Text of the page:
My Back Pages

or: How I Learned to Stop Worrying and Love the Blog

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WILCO - HEAVY METAL DRUMMER (by wilcoclubvideos)


Notable Artists I’ve Seen Perform* (in order of relative importance):

BOB DYLAN / BRUCE SPRINGSTEEN & THE EAST STREET BAND / NEIL YOUNG / JAY-Z / KANYE WEST / CAT STEVENS (YUSUF ISLAM) / TOM PETTY / BOB SEGER / TONY BENNETT / OZZIE OSBOURNE / WILCO / NAS / THE ROOTS / LIL’ WAYNE / JOHN LEGEND / COLDPLAY / JOURNEY / ALICE COOPER / THE O’JAYS / BLINK 182 / FOO FIGHTERS (2x) / WEEZER (2x) / BAD RELIGION / KINGS OF LEON / THE STEVE MILLER BAND / BEN FOLDS (2x) / ZZ TOP / TREY ANASTASIO / LUPE FIASCO / KID CUDI / T. PAIN / TED NUGENT / JEFF TWEEDY / EXPLOSIONS IN THE SKY / STREETLIGHT MANIFESTO / GUSTER / BRAND NEW / THEY MIGHT BE GIANTS / MAVIS STAPLES / G. LOVE / PASSION PIT / WE ARE SCIENTISTS / FRIGHTENED RABBIT / REEL BIG FISH / THE JOHN BUTLER TRIO / THE VIRGINS / JET / SLOAN / FIONA APPLE / MUSTARD PLUG (2x) / BRETT DENNEN / TOKYO POLICE CLUB / THE HARD LESSONS (2x) / GYM CLASS HEROES / CREDENCE CLEARWATER REVISITED / MOBIUS BAND / CLEM SNIDE / MISSY HIGGINS / WILD SWEET ORANGE / ASHER ROTH

Performances by Notable Non-musicians:

JON STEWART (w/ CORRESPONDENTS) / STEPHEN COLBERT / THE MYTHBUSTERS / DEMETRI MARTIN / DON NOVELLO / SAM WATERSTON 


Notable Artists I’ve Seen (for whatever reason) but Don’t Particularly Care for:

KID ROCK / SHERYL CROW / MY CHEMICAL ROMANCE / COHEED AND CAMBRIA / THREE DOORS DOWN / 38 SPECIAL / KAISER CHIEFS

Notable Artists I Have Had Tickets to See but Was Unable to (for whatever reason):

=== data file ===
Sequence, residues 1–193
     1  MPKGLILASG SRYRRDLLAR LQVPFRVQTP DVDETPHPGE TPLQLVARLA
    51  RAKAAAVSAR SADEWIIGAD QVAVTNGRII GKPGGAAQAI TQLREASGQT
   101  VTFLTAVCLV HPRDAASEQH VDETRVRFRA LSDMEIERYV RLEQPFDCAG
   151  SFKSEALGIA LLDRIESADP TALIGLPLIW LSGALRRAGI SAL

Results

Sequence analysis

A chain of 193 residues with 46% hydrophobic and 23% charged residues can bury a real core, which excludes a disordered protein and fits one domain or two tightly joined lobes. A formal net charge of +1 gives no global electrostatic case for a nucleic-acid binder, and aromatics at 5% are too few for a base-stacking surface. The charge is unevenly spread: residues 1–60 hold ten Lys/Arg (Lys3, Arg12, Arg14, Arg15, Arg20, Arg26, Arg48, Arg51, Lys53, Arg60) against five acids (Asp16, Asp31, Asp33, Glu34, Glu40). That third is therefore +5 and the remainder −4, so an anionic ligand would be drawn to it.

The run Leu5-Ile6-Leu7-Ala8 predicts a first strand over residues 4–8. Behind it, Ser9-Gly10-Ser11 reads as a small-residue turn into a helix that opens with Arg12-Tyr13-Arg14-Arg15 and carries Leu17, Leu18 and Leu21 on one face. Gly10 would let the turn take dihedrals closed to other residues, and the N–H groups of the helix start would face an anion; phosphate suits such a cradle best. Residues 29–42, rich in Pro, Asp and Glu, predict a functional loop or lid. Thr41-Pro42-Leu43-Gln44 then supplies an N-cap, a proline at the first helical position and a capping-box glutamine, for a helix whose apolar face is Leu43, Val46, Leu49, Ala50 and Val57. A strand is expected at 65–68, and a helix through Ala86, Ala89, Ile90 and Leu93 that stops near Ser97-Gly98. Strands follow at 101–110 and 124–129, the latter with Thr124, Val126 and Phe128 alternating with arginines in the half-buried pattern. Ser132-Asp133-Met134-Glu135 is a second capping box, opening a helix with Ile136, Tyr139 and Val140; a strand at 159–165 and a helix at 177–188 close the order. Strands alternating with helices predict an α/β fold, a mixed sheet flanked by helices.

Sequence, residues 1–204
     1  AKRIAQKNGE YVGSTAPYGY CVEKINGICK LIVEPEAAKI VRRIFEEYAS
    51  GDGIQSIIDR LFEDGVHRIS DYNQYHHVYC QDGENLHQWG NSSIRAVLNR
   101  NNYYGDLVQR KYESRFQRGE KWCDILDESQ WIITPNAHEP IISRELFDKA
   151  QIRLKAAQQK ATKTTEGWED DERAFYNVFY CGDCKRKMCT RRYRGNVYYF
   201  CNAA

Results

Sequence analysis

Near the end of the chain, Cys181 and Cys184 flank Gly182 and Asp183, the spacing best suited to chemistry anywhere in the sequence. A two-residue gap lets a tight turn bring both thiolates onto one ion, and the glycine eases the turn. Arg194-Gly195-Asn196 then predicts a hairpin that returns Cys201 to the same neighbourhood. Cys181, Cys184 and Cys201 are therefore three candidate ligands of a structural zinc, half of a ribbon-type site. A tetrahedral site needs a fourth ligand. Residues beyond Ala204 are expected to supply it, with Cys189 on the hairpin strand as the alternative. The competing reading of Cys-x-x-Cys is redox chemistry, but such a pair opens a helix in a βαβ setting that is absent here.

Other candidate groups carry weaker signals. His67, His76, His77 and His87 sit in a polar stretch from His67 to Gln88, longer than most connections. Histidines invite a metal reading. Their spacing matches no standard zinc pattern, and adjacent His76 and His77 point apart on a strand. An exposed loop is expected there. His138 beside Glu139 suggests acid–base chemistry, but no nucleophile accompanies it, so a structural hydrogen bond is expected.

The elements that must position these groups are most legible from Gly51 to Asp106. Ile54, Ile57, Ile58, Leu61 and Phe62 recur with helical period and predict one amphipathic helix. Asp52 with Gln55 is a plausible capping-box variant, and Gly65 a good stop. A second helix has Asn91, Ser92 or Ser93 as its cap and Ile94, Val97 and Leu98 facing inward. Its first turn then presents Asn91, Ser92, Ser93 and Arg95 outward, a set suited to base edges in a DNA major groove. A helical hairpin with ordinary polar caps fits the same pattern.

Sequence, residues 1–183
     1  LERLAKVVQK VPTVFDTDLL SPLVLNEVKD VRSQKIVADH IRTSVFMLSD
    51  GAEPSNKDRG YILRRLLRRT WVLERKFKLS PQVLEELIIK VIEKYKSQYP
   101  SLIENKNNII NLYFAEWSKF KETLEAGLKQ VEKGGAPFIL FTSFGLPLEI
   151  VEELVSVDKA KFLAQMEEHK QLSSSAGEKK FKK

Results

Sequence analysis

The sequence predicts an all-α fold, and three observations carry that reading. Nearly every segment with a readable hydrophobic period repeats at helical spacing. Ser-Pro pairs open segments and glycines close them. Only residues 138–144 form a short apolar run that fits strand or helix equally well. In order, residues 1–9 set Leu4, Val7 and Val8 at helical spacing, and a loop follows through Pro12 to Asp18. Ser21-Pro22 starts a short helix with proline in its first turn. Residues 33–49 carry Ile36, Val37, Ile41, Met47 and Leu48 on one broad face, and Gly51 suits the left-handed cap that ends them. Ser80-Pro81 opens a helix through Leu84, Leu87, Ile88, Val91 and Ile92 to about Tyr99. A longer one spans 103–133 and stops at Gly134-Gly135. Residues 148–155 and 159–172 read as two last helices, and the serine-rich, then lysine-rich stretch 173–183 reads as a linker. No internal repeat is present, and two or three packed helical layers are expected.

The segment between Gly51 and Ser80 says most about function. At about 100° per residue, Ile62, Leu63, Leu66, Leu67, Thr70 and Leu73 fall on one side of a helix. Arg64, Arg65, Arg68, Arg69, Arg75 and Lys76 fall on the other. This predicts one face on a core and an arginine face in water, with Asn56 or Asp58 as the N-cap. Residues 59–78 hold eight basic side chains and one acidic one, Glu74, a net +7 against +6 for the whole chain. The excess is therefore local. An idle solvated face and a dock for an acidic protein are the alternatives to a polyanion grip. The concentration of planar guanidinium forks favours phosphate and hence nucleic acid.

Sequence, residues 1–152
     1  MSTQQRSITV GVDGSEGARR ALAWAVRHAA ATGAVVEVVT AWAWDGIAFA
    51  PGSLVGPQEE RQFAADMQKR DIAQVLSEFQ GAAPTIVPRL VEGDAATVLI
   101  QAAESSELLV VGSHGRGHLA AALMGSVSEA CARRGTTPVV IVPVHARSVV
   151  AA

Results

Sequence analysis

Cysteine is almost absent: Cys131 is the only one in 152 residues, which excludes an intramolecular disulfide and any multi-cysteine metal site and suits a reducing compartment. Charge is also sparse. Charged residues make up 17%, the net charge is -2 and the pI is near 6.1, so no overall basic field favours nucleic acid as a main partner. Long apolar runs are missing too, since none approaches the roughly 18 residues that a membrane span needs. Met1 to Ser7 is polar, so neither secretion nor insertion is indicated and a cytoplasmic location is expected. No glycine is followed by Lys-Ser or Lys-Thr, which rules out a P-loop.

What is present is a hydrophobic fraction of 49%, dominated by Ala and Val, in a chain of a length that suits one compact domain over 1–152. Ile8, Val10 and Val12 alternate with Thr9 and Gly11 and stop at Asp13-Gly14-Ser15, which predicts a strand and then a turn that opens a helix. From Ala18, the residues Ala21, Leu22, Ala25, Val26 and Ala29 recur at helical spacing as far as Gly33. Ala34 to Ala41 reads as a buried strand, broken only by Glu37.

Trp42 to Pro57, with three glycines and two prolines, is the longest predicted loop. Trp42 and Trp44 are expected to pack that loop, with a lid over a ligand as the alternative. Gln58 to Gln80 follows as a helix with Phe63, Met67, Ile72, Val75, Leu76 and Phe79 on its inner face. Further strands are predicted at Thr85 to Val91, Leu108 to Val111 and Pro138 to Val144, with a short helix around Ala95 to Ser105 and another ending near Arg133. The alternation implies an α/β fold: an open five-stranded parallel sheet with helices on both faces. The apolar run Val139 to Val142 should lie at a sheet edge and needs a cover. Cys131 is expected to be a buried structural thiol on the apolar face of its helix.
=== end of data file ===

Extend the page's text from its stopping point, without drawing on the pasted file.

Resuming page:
THE CARS / BAND OF HORSES / BLONDIE / GIRLTALK


* Signed, nationally-touring acts only. A majority of the bands I have seen are unsigned.

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Get Born.

Almost all of you know the story by now.

It all started when Newsweek published a macabre list of dying cities. Predictably, three of said croaking metropolises were in Michigan. This surprises no one from the “Great Lakes State”, as our cities have such a strong heritage of appearing on similar lists that we almost always expect to see at least a couple familiar towns mentioned when one is released. Occasionally, the news is (kind of) good, but usually, it isn’t. This “list culture” has even gotten so out of hand that we are find ourselves nitpicking each other within the state in a desperate effort to feel better about ourselves and our predicaments.

"Didya hear about Detroit?" someone from Port Huron will inevitably gawk to a friend; to them, aside from an underwhelming blow to their sense of State pride, these lists represent their original anecdotal intent. They bring it up during a smoke break or around the water cooler, maybe tell a joke or two and move on with their day. They don’t live in Detroit, they’re not from Saginaw, and outside of their extensive knowledge of minor league hockey teams from Flint, they don’t care about it and will probably avoid stopping there for gas if they can. What they don’t realize is that their perception of the cities on the lists will change forever and as more lists come out, their views of a place will gradually begin to border contempt. Since these lists also carry with them a Reader’s Digest-esque element of “readability”, many people from non-listed cities will see where an area is ranked and, more often than not, skip a separate (much longer) article explaining the extensive reasons why. Who can blame them? There’s not enough time in the day to read every news story, especially those that do not obviously affect them. By that point, though, the damage has been done. An entire city’s legacy is forever tainted by lazy journalism.